Falcons Hapkido 8-12

What are the Hapkido Falcons?

Our Hapkido Falcon program is for children aged 8-12. Whilst still easily distracted and respond well to fun activities, they are starting to show a genuine interest in learning Martial Arts. We teach our Falcons a syllabus far more advanced than what our Bilbies and Wallabies learn. In fact, many of the techniques are the same as what the Teenagers and Adults learn. In reality, the Falcon program is a transition between what the kids learn and what the adults learn.

What do we teach the Falcons?

The syllabus is age appropriate. It excludes many of the techniques taught to the teenagers and adults. This is so we can ensure that an appropriate level of maturity accompanies those more aggressive techniques. The program will bully proof them and ensure they understand that Martial Arts is about discipline and controlled aggression. In other words, they only use their skills and knowledge to protect themselves or someone else.

We teach our Falcons the importance of our values, which are: Courage (moral and physical), Integrity, Loyalty and Mateship. Falcons are encouraged: to build resilience; have a dream; be true to themselves; be the best they can be; and aim for things just out of reach. We want to set up for success in the future!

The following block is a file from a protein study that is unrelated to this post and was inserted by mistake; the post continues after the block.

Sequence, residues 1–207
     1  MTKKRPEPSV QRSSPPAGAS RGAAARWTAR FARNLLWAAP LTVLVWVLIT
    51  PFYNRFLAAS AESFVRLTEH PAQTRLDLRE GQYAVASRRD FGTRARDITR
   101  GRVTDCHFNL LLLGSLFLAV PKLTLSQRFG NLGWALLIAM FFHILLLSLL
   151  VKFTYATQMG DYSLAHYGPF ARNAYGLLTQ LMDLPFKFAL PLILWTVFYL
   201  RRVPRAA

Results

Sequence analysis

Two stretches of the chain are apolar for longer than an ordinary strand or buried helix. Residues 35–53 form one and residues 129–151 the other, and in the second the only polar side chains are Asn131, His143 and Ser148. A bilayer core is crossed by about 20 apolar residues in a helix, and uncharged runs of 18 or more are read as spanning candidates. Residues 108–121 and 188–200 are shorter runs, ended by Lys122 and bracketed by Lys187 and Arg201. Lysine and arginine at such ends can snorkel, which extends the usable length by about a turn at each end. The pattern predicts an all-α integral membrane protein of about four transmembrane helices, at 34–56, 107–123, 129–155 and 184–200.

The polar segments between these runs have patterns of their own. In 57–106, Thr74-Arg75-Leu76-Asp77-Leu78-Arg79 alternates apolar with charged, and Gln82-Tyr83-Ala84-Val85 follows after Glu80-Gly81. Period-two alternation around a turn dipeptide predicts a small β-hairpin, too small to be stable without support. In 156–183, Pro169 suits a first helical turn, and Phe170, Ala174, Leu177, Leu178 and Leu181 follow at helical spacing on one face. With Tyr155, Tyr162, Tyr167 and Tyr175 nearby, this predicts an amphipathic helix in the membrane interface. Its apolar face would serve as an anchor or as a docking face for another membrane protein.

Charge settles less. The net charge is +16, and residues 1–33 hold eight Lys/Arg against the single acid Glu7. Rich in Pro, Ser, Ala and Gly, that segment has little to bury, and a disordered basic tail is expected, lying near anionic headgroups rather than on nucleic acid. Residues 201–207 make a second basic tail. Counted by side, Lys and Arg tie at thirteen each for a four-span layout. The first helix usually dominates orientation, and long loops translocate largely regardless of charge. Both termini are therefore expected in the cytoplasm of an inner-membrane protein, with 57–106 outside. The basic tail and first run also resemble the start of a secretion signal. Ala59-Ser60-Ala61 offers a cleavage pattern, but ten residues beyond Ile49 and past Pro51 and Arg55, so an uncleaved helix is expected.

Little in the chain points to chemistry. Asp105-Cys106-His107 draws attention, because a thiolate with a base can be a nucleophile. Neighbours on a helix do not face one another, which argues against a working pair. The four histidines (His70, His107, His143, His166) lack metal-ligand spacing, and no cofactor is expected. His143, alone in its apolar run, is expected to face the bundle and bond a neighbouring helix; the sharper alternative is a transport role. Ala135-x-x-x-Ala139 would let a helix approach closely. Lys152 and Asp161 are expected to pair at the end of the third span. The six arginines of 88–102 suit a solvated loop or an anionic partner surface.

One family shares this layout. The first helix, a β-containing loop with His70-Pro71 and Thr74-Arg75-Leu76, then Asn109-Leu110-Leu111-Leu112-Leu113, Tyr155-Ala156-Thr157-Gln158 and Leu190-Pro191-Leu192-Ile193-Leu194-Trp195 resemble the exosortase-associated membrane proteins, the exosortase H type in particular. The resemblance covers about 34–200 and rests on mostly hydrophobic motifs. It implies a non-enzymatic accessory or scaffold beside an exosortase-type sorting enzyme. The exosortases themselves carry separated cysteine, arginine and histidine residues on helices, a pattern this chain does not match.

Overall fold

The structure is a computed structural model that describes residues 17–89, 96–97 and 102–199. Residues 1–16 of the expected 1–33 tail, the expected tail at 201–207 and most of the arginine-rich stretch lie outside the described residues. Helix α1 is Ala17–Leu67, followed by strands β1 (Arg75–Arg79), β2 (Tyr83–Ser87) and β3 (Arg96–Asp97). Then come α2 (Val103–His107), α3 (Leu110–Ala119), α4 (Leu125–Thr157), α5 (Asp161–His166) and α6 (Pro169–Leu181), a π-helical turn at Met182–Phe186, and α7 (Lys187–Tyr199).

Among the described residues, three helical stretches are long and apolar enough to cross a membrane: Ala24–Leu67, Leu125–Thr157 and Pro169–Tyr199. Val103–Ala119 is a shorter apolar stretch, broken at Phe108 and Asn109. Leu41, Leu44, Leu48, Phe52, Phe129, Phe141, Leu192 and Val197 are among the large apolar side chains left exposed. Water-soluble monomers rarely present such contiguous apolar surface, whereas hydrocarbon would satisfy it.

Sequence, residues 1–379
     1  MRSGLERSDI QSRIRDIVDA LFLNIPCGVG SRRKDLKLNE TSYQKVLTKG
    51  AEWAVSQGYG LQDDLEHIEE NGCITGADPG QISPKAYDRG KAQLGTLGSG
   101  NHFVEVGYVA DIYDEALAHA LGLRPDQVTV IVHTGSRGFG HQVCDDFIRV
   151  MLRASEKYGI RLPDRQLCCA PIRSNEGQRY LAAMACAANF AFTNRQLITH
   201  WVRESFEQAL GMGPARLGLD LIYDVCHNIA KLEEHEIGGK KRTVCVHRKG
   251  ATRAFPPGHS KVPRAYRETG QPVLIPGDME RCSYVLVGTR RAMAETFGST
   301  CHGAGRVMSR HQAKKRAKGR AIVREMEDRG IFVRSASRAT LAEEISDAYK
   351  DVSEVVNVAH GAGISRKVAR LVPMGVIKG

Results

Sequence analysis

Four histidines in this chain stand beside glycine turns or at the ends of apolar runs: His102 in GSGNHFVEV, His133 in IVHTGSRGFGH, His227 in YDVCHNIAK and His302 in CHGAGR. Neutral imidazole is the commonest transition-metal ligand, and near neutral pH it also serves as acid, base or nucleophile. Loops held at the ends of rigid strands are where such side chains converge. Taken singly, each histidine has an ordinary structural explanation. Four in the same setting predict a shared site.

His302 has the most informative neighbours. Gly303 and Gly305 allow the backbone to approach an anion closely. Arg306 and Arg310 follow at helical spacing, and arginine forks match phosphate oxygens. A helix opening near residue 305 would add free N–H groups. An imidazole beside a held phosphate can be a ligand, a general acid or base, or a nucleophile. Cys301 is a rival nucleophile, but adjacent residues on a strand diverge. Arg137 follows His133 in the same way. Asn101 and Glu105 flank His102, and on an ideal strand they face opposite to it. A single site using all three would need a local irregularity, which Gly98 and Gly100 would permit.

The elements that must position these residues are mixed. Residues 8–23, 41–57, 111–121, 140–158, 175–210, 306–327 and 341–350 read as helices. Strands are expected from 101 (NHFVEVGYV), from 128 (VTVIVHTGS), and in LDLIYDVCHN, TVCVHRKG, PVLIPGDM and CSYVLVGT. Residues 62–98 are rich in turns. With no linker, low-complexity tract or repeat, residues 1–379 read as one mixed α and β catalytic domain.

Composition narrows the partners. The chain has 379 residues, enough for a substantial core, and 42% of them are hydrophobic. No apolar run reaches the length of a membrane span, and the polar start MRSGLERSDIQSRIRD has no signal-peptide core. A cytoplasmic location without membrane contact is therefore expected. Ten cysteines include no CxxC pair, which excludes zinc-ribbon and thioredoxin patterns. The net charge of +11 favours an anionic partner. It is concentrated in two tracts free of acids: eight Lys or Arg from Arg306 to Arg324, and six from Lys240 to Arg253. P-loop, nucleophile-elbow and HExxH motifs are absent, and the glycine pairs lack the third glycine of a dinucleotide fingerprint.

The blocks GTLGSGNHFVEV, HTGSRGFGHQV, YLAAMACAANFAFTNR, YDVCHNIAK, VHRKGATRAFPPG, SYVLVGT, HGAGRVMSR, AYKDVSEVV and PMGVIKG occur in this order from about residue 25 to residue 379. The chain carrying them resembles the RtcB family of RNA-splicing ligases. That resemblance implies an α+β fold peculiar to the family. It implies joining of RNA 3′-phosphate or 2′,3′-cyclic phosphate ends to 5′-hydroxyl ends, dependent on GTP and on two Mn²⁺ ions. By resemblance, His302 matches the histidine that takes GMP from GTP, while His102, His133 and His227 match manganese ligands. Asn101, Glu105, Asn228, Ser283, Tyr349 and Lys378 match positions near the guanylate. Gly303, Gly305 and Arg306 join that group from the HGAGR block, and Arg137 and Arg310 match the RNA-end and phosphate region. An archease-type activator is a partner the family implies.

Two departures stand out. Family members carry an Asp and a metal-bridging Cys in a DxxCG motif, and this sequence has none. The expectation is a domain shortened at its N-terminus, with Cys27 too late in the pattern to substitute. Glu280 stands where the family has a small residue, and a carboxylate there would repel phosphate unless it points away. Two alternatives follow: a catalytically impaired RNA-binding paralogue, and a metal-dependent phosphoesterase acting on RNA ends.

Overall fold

We aim to give the Falcons a fun way of learning Martial Arts, whilst exercising, developing self-control, respect for others and social and physical skills they can take into there adult lives. Through the Hapkido classes, they learn self-defence techniques that really work. At the same time they are developing motor skills, coordination, fitness and stamina. History also shows that if they stick with the Martial Arts, they will make friends for life.

We encourage mutual respect and support!

Our Falcon Hapkido classes are not as formal as other schools. We operate on mutual respect for everyone, regardless of whether they are a student or instructor. Every student at Centenary Martial Arts knows that the most important person on the mats is not themselves. It is the training partner directly in front of them at the time. We also encourage them to know, the only person they need to compete against, is themselves. In other words, be the best they can be. Ideally, they can do that by also reaching for something just out of reach. If they don’t give up, they will eventually succeed.